David Gregory got the bum’s rush from NBC because the network feared a final going-away episode of Meet the Press would create another “Ann Curry moment,” the former Press moderator says in his new memoir How’s Your Faith: An Unlikely Spiritual Journey. Writes Gregory: “Because of this ill-conceived concern, NBC decided not to let me have a final show….I was furious when I heard that. I felt like they were snuffing me out.”

Curry, of course, was the former Today show cohost whose soppy on-air goodbye was hugely humiliating to the network and prompted a public backlash against cohost Matt Lauer. An “Ann Curry moment,” Gregory writes, “has become a byword in the TV business for an on-air embarrassment.”

An excerpt of Gregory’s book, in which he compares his final year at Meet the Press as being “like a marriage that you know is bad but you can’t leave,” was published exclusively on Salon today. It provides a squirm-inducing account of a career in rapid — and public — decline. “Six years after I became moderator of Meet the Press,” Gregory writes, “I was facing the lowest moment of my professional career. I was about to leave the network for good.”

He then describes what sounds like a pretty horrible way to get the ax: He and wife Beth were onboard a plane en route to pick up their kids from camp when, just before the plane doors closed and Gregory had to power down, he got a call from his agent that he would not be given a proper on-air send-off. “As Beth drove our rental car through the bucolic New England farmlands, I couldn’t stop thinking about how much I wanted to be able to say goodbye to the Meet the Press viewers.”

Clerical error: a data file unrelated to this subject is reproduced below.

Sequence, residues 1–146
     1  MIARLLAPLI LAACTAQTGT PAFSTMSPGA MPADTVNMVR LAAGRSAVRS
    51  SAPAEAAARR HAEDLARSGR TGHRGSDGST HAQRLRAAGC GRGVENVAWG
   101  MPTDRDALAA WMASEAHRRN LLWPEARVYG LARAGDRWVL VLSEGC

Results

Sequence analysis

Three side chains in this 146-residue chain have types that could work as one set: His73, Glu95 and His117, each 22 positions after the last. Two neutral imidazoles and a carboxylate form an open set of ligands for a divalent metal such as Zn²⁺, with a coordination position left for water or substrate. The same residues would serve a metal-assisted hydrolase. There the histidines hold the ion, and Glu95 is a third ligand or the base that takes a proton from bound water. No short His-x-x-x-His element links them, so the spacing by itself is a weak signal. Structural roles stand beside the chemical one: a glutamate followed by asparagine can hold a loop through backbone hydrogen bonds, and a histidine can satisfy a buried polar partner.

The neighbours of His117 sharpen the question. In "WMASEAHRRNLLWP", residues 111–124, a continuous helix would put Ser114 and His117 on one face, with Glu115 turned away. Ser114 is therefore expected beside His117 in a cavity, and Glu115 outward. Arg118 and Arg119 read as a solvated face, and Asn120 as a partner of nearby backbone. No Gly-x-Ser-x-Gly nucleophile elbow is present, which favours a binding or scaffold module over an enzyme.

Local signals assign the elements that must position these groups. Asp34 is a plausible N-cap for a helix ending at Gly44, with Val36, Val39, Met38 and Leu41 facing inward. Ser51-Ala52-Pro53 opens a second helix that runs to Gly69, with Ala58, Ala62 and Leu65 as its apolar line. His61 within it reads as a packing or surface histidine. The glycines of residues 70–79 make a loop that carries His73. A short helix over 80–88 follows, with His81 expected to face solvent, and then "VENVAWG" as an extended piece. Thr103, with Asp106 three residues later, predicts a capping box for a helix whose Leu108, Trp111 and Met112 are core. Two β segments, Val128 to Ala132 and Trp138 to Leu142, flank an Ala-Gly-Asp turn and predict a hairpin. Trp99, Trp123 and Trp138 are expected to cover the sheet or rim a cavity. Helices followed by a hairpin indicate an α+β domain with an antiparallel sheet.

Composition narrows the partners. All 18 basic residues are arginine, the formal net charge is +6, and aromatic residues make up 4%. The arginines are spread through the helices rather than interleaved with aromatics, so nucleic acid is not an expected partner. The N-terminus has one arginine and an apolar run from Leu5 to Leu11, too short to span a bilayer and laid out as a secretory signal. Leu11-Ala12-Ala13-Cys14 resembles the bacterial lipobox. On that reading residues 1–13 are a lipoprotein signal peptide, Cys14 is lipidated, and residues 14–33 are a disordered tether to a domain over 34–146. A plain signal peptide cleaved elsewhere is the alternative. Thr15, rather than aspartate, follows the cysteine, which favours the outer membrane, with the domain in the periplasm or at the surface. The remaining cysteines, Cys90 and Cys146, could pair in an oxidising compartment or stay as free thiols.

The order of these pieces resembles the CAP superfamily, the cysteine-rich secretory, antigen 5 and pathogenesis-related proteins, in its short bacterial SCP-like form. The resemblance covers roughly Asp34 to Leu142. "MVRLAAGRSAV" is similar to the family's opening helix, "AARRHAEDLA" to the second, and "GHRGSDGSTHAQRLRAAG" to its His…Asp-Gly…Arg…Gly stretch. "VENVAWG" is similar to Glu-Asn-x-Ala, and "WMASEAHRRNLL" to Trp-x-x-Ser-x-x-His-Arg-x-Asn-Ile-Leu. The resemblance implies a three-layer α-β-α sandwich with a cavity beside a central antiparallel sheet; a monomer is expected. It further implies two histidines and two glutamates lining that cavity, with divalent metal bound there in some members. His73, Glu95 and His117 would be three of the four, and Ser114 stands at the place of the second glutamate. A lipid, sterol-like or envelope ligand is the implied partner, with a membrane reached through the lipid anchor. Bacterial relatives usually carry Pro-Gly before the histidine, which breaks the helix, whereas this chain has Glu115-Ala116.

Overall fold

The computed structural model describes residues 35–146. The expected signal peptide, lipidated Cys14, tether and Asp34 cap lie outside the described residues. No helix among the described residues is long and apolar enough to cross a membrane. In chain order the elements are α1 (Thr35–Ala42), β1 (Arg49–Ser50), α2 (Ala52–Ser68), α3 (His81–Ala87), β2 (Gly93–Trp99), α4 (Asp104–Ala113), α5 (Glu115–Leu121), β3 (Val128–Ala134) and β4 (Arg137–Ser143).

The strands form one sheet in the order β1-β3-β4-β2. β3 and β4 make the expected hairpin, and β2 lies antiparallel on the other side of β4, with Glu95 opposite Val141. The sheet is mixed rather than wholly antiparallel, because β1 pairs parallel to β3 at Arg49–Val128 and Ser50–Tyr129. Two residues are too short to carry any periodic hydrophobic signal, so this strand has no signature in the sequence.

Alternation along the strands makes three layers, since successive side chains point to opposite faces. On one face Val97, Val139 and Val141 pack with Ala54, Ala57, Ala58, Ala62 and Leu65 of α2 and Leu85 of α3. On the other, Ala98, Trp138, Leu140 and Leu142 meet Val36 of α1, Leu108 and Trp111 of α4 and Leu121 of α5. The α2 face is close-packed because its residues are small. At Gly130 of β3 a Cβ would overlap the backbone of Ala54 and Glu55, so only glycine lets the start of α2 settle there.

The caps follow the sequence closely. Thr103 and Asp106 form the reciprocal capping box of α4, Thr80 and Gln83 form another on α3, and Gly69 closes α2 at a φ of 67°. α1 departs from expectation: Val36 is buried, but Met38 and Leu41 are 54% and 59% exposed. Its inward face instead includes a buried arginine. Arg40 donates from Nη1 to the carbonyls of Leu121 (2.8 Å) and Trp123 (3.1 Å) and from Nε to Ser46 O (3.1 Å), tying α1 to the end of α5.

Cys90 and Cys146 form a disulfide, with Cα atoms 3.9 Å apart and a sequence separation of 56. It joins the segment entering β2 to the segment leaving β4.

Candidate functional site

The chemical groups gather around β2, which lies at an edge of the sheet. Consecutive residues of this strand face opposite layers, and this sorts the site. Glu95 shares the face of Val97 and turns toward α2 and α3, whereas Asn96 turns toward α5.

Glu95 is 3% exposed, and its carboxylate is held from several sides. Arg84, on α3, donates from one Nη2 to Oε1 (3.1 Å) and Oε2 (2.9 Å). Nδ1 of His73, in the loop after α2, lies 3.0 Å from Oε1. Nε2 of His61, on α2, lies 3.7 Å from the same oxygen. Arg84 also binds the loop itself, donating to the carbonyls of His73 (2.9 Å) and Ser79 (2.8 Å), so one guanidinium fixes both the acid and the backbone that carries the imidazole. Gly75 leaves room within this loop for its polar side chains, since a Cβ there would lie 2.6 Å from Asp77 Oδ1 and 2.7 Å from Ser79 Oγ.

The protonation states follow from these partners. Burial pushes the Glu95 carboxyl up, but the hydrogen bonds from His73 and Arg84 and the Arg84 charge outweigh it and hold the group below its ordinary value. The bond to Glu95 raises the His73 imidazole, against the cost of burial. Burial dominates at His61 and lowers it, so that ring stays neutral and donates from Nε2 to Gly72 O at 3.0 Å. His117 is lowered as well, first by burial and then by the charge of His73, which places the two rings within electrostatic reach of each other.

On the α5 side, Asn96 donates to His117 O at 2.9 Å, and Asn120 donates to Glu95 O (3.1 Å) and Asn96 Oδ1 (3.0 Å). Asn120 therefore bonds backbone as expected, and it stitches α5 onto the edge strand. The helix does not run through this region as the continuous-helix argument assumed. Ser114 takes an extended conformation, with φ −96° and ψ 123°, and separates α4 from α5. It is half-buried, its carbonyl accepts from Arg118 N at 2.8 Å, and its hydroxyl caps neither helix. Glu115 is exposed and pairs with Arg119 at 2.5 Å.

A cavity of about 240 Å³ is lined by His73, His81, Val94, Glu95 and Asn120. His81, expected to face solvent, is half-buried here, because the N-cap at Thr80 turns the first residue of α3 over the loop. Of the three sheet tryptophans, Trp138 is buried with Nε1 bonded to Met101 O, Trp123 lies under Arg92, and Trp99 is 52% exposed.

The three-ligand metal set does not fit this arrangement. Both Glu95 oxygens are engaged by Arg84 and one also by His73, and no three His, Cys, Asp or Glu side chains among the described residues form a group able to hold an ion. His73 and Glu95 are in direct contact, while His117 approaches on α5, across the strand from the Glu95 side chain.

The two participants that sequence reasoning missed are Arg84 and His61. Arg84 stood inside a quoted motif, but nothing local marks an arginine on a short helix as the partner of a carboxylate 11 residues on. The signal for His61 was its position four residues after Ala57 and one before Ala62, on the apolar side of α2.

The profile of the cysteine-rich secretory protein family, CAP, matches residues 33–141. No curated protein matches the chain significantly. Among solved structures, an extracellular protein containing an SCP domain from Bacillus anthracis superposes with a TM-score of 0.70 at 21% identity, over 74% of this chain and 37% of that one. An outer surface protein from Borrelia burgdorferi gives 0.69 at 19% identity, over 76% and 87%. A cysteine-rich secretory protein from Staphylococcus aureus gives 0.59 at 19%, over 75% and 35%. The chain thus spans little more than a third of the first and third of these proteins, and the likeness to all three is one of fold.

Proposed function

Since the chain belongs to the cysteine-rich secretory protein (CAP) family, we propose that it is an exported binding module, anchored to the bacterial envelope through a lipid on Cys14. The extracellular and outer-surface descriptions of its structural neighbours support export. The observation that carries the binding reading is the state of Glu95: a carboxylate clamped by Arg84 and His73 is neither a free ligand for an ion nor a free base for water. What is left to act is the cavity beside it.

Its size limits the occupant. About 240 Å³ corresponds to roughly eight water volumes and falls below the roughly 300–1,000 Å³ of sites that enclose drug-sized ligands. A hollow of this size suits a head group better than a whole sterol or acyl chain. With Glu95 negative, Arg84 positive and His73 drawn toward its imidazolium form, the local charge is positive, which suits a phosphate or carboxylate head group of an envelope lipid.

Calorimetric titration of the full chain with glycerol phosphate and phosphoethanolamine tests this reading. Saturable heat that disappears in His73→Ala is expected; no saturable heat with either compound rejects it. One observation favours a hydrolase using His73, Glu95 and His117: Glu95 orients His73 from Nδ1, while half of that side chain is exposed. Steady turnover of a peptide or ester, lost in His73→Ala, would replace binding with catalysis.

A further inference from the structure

Gregory says he’d known the end was near, though. Ratings were down, his new boss at NBC News, Deborah Turness, “was pushing us hard to reimagine the show,” NBC and its parent company, Comcast, “had seen sliding ratings on Today as well as Nightly News,” and the Sunday morning news programs “were struggling to retain their place as appointment viewing. Booking guests whom viewers really wanted to see had become more difficult.”

“By the time I made the announcement that I was leaving Meet the Press in August 2014, NBC and I had been in discussions for several weeks,” writes Gregory. “I didn’t want to leave, but I was not happy. I was getting a lot of bad press about falling ratings, and many of the stories specu­lated on whether I would be replaced.”

Gregory writes that he was frustrated  that “people within NBC were leaking stories—saying I was about to be pushed out, in order to weaken my position, even as my bosses were telling me that was not the case. The press coverage seemed exces­sively personal, as though I had done something wrong.”

Gregory also says that it had become clear to him that he would not land elsewhere at NBC. “Could I have done something else at the network? In theory, yes. But as the damaging leaks kept coming, it became clear to me that they weren’t in­terested in that. It never came up as an option.”

In addition to the TV tales, How’s Your Faith will chronicle Gregory’s newfound spirituality. “I’d been contemplating living a more spiritual, meaningful existence, and now was the time to walk the walk. In a way, that day up in New Hamp­shire clarified many of the discoveries I had been making about life and faith.”

The book, published by Simon & Schuster, hits bookstores Tuesday.